Malawi has since the dawn of democracy seen three presidents ushered into the high office with different policies altogether. Usually, there are arguments as to how the sitting President should discharge duties to avoid appeasement policies. For instance, the way some Cabinet ministers and top government officials are fired and hired raises eyebrows. George Mhango engages law professor Edge Kanyongolo, of Chancellor College on the issue of presidential powers and prerogatives.
Â Q: What is the difference between presidential powers and prerogatives constitutionally?
A: Historically, â€œprerogativesâ€ was used to refer to broad discretionary powers of the Queen or King to act for the good of the nation, with little or no legal limitation. The Constitution of Malawi does not provide for â€œprerogativesâ€ and the President cannot claim anything called â€œprerogative powersâ€.Â The only powers that the President has are granted expressly by the Constitution. Those constitutional powersÂ are stipulated mainly in Section 89 of the Constitution,Â as well as sections that empower the PresidentÂ to perform the typical functions of a president, including assenting to legislation; instituting commissions of inquiry; granting pardons; and appointingÂ judges, ambassadors, the Director of Public Prosecutions, the Inspector General of Police and otherÂ specified statutory and constitutional officials.
Q:Â Are there limits to presidential powers and prerogatives?
A: Presidential powers must always be exercised within legal limits as required by the principle of the rule of law. The President has no right to claim or exercise any power outside of the limits set down in the law.Â For example, while the President has constitutional power to removeÂ Â the Inspector General of Police from office, the law specifically prohibits the President from removing the Inspector General from office unless the I.G. is incompetent, has lost the ability to act impartially, is incapacitated or has reached the retirement age.
Q: Should presidential powers be extended to elevation of chiefs and promotion of professionals.
A: The Chiefs Act empowers the President to elevate chiefs, while Section 89 of the Constitution empowers the President to confer honours, which includes the conferment of the status of senior counsel to practising lawyers who distinguish themselves. There is always the danger that such powers may be abused to promote the narrow, partisan interests of an incumbent president and to service the Presidentâ€™s networks of personal loyalty and patronage. This danger can be mitigated by making the Presidentâ€™s role in the appointments merely ceremonial. In my opinion, for example, in the conferment of senior counsel status on selected lawyers, the substantive selection could be made by the Malawi Law Society and the Judicial Service Commission, with the President merely making the formal endorsement and announcement.
Q: Which issues need presidential powers and not mere prerogatives?
A: There is no place and no need for so-called prerogatives in our Constitution. The President should exercise powers that are normally associated with Executive functions in democratic constitution, subject to the law. The President should not be above the law. Section 89 of the Constitution provides a list ofÂ presidential powers, covering mainly leadership of the Cabinet, appointment of certain senior public officials, assenting to legislation, calling for referenda, granting of pardons,Â negotiating international treaties and referring constitutional disputes to the courts. These powers are similar to those that are conferred to Presidents under most liberal democratic constitutions.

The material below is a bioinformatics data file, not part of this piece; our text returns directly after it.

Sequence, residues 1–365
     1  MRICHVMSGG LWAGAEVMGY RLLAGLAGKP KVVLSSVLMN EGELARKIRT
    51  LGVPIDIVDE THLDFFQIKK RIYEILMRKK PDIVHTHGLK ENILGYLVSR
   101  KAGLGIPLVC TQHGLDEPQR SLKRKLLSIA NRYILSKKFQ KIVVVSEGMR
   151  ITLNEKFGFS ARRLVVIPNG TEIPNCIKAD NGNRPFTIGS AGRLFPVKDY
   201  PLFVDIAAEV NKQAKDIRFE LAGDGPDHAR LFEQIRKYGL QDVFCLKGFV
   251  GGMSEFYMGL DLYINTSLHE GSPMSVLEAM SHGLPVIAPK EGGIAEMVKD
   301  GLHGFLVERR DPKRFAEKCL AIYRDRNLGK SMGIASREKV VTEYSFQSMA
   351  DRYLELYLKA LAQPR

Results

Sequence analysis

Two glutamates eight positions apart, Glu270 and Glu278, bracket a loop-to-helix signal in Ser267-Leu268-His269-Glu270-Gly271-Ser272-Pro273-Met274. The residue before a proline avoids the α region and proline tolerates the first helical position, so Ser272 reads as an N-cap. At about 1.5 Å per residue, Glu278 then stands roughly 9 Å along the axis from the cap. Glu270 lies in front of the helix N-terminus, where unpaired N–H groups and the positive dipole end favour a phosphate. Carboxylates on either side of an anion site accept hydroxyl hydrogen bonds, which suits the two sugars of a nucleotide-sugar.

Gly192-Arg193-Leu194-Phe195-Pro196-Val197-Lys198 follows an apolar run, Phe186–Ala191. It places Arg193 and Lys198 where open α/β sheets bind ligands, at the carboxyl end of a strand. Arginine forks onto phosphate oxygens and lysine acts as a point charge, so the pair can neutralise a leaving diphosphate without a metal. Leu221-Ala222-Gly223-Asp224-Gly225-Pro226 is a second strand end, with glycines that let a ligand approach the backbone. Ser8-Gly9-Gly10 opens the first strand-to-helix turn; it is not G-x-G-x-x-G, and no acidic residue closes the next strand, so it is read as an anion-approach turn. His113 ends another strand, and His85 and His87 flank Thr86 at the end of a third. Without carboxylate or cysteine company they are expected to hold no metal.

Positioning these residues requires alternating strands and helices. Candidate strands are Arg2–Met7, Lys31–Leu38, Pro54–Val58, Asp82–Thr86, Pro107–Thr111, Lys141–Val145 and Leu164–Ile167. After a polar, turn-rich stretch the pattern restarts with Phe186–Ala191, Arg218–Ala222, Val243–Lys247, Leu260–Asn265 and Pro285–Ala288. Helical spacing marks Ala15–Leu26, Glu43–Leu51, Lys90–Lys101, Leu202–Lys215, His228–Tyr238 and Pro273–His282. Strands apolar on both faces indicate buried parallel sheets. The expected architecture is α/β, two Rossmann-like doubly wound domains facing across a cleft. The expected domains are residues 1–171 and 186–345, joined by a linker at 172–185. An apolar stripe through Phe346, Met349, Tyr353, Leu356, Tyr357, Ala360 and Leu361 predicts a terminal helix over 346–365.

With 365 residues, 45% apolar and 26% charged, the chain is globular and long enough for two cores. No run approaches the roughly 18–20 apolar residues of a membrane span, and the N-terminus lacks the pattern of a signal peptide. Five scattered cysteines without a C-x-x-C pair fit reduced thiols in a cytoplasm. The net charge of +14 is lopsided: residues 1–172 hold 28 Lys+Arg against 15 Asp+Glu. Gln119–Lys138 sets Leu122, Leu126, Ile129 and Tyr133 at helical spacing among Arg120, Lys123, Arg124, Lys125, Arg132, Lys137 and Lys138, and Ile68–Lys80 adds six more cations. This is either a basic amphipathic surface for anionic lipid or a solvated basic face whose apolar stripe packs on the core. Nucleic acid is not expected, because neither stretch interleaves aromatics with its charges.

Q: Can presidential powers and prerogative be challenged in a court of law if one feels offended?
A: Any exercise of power by the President can be challenged in court through a process called judicial review. Any person who is adversely affected by the exercise of any presidential powerÂ can applyÂ to the court, asking it to declare the decision of the President to be invalid because either the President exceeded the legal limits of that power or the exercise of the power violated other legal principles, for example those of natural justice. On a number of occasions in the pastÂ the High Court hasÂ invalidatedÂ illegal claims and exercises of presidential power, including thoseÂ relating to the dismissal of the then Inspector General of Police in 1994, the banning of public demonstrationsÂ in 2002 and the establishment of a commission of inquiry. Q: Based on examples of how the presidency appoints or fires people, could one be wrong to conclude that presidential prerogatives are abused and only used as a tool to appease and/or punish?
A: There is no such thing as â€œa presidential prerogativeâ€. All presidential powers must have a specific legal basis. In almost all countries, presidential powers of appointment are often used to promote political goals. What is important is to put in place measures to minimise abuse and to allow people to challenge the decisions through judicial review.
Q: How best can the President draw a line between powers and prerogatives?
A: All powers of the President are defined and limited by law.
Q: Any final remarks?
A: Just to share a quotation from the writer Mark Twain: â€œThe government is merely a servant — merely a temporary servant; it cannot be its prerogative to determine what is right and what is wrong, and decide who is a patriot and who isnâ€™t. Its function is to obey orders, not originate them.â€